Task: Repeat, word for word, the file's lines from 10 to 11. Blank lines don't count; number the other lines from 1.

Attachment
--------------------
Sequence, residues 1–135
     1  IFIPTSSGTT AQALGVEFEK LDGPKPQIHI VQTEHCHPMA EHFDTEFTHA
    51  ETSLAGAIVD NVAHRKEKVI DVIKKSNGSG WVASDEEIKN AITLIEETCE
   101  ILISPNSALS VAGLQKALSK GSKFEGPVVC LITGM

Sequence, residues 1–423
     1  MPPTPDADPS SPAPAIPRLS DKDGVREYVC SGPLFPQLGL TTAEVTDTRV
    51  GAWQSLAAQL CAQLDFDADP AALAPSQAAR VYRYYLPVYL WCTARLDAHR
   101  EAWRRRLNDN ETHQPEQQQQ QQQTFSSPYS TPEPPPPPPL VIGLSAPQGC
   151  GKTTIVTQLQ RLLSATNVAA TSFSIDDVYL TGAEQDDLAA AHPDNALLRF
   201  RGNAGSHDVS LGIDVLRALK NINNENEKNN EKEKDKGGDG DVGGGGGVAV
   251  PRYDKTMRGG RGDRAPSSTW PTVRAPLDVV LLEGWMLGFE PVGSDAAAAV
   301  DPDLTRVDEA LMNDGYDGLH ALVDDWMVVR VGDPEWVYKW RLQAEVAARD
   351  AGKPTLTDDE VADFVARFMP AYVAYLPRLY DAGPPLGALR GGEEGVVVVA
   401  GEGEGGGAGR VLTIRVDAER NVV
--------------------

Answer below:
   201  RGNAGSHDVS LGIDVLRALK NINNENEKNN EKEKDKGGDG DVGGGGGVAV
   251  PRYDKTMRGG RGDRAPSSTW PTVRAPLDVV LLEGWMLGFE PVGSDAAAAV